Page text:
Rays of the One Light
Weekly commentaries on the Bible and the Bhagavad Gita
by Swami Kriyananda (J. Donald Walters)
Truth is one and eternal. Realize oneness with it in your deathless Self, within. The following commentary is based on the teachings of Paramhansa Yogananda.
Week 4: The Infinite Christ
The Gospel of St. John contains some of the most profound spiritual teachings in the Bible. In the first Chapter many subtle truths are suggested concerning higher stages of Self-realization.
Here, John the Baptist is described as one reaching up toward that high state. “He was not that light,” the Gospel tells us, “but was sent to bear witness of that light.” Jesus Christ, by contrast, is described as the light itself. “That was the true light, which lighteth every man that cometh into the world. He was in the world, and the world was made by him, and the world knew him not.”
One essential truth stands out in this teaching: that Jesus came not to dogmatize people with a new teaching, but to bring them timeless, universal truths. Disciples saw the master clothed in human form, and therefore judged him in terms of his greatness relative to the greatness of other teachers. Wisdom, however, sees the master's very greatness in terms of a cosmic unity.
There is a passage in The Path, by Swami Kriyananda, in which this point is emphasized. The Master, Paramhansa Yogananda, explained,
“The saint who attains that exalted consciousness never says, ‘I am God,’ for he sees it was the vast Ocean that became his little wave of ego. The wave, in other words, would not claim, when referring to the little self, to be the Ocean.”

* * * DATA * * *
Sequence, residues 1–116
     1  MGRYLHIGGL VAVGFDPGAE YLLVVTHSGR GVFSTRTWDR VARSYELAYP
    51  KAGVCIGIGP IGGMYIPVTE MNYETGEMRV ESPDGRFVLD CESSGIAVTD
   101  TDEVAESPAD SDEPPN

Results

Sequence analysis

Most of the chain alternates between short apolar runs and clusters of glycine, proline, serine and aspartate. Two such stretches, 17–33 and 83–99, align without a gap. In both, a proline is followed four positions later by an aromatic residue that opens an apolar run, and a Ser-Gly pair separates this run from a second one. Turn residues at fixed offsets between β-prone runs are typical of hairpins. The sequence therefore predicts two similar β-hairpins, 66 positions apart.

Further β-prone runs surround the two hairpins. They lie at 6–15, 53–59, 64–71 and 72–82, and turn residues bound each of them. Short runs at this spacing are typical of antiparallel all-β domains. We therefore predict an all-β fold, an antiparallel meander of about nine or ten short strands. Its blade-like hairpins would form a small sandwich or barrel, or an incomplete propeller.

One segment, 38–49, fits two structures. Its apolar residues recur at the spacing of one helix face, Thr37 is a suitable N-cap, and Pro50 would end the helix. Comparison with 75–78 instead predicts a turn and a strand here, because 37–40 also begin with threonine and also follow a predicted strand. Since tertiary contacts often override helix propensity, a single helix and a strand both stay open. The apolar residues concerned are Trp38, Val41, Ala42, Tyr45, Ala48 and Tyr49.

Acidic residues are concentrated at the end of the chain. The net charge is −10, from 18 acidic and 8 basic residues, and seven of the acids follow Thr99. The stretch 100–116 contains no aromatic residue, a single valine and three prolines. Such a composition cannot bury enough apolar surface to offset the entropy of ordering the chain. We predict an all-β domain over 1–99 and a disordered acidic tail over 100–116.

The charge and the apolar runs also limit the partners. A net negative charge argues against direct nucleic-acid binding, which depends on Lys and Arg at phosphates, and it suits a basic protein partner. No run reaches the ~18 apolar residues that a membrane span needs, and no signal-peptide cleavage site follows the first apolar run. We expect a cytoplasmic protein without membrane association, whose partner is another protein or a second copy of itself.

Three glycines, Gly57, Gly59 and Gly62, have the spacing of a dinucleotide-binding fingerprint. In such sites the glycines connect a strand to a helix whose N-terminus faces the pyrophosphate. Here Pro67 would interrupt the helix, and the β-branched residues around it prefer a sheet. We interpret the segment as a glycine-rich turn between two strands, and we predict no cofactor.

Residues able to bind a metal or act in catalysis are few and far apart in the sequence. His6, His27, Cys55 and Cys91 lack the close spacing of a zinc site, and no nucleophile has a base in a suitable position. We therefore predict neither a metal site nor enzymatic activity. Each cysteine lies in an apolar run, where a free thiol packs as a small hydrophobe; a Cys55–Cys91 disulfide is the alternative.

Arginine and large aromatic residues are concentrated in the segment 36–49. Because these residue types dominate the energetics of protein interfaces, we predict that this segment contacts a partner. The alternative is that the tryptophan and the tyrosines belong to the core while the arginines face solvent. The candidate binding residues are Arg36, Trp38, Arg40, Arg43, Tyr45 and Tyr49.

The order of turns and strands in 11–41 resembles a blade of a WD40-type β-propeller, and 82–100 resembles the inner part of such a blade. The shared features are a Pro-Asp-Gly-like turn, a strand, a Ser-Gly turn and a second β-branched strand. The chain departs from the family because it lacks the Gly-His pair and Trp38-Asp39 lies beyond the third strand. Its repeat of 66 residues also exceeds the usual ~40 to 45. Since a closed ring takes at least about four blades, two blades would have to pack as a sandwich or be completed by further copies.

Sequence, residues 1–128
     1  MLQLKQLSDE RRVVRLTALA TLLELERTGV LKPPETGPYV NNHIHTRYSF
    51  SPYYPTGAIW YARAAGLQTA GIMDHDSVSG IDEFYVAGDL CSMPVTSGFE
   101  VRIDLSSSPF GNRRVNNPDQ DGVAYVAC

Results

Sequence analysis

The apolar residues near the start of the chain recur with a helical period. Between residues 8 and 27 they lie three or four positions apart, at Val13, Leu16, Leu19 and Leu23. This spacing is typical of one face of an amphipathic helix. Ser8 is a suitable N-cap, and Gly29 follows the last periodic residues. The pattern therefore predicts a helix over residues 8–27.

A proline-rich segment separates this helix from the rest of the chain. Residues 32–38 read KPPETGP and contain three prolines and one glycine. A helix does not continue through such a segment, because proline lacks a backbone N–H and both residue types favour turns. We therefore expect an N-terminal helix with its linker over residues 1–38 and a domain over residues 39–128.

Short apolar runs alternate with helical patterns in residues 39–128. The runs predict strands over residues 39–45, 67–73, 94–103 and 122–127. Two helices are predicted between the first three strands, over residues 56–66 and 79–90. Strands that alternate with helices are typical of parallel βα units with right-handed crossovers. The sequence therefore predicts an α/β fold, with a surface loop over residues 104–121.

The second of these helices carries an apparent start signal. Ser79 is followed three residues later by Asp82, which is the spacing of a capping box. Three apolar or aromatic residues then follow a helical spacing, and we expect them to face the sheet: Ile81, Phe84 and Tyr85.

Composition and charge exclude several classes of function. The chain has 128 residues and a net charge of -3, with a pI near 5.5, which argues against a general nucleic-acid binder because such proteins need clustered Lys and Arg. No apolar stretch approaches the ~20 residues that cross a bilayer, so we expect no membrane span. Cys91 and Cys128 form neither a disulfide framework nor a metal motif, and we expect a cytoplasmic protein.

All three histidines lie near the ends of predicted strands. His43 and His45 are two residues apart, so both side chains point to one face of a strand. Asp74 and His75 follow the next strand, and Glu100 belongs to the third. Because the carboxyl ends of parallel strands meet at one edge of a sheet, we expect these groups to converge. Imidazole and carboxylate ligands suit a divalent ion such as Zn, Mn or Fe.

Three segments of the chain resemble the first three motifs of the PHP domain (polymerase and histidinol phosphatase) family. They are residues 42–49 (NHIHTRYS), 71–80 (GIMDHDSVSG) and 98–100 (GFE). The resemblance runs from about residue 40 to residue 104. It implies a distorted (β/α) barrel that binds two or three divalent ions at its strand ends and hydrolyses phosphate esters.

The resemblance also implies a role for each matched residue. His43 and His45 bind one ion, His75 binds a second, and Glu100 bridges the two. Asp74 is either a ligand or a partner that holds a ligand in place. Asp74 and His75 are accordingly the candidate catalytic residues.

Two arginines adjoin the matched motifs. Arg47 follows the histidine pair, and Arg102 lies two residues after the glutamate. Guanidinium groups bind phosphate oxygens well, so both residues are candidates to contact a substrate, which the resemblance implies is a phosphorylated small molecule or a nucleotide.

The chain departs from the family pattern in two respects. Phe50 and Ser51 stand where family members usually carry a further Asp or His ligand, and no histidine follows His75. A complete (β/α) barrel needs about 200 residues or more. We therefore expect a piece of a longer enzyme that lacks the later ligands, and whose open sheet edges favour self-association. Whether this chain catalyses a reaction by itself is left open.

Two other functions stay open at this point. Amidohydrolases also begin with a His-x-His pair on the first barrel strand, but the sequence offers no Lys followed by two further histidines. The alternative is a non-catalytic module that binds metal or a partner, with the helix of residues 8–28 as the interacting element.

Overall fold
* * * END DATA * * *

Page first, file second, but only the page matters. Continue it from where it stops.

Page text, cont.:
At this juncture Debi, who was present, cried excitedly, “But Sir, if you are one with that Ocean, that means you are God!”
“Why I?” Master asked. “Say ‘He.’ He is God.”
“But still, Sir, you are one with Him, and He is the only reality. That means you, too, are God.”
“But this body isn't God!”
“You aren't identified with your body, Sir, so one may still say that you are God.”
“Well, in that case why do you say, ‘You’? You, too, are that! In a discussion of this sort, it is less confusing if we say, ‘He.'”
“But what's the difference?”
“The Scriptures say . . .” Master began.
“It's only your humility, Sir,” Debi broke in, “that makes you distinguish between yourself and Him.”
“How can there be humility, when there is no consciousness of ego?”
Triumphantly Debi cried, “But if you have no ego left, that means you are God!”
Master laughingly continued the earlier statement, which Debi had interrupted: “The Scriptures say, ‘He who knows Brahma becomes Brahma.'”
“There!” cried Debi. “You said it yourself!”
Master rejoined, still laughingly, “I didn't say it. It's the Scriptures that say so.” Master, in other words, would not identify those words with the human body speaking them. It was in his overarching spirit that he saw himself one with the Infinite. But Debi was unable to make this mental leap from a pure expression of Infinity to Infinity Itself.
“You quoted those Scriptures, Sir,” he reminded Master relentlessly. “That means you agree with them!”
Recognizing that the distinction was, perhaps, too subtle for many to grasp, Master concluded, “Well, he who says he is God, isn't God. And,” he added with a smile, “he who says he isn't, isn't!”
And there the subject rested, amid general laughter.
The greater a spiritual teaching, the more greatly we betray it by particularizing it with dogmas. Truth itself, not the Christian truth or the Hindu truth, incarnates on earth with the birth of a fully liberated master. As the Bhagavad Gita teaches in the fourth Chapter:
Unborn, changeless, Lord of Creation and controller of My cosmic nature though I am, yet entering Nature I am dressed in the cosmic garment of My own maya (delusion).
O Bharata, whenever virtue declines and vice predominates, I incarnate on earth. Taking visible form, I come to destroy evil and re-establish virtue.
Thus, through holy Scripture, God has spoken to mankind.
Copyright © 1996 by Hansa Trust